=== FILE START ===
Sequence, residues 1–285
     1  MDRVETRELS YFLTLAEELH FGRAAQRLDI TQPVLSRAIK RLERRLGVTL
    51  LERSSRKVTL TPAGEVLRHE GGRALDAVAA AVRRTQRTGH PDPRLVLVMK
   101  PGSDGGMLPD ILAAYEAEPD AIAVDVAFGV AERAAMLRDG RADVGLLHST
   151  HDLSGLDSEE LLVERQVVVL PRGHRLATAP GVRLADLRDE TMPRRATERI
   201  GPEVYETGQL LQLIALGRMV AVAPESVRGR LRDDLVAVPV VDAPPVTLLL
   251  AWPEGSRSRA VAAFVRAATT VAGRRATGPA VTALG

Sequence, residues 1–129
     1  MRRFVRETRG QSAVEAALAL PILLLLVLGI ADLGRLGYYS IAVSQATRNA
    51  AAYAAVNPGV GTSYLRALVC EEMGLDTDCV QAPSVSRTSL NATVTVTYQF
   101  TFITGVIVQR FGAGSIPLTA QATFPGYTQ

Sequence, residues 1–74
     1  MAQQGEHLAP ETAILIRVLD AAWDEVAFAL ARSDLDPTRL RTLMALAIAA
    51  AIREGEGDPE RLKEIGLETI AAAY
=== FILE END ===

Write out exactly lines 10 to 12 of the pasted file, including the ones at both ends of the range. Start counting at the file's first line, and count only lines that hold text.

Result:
    51  AAYAAVNPGV GTSYLRALVC EEMGLDTDCV QAPSVSRTSL NATVTVTYQF
   101  TFITGVIVQR FGAGSIPLTA QATFPGYTQ

Sequence, residues 1–74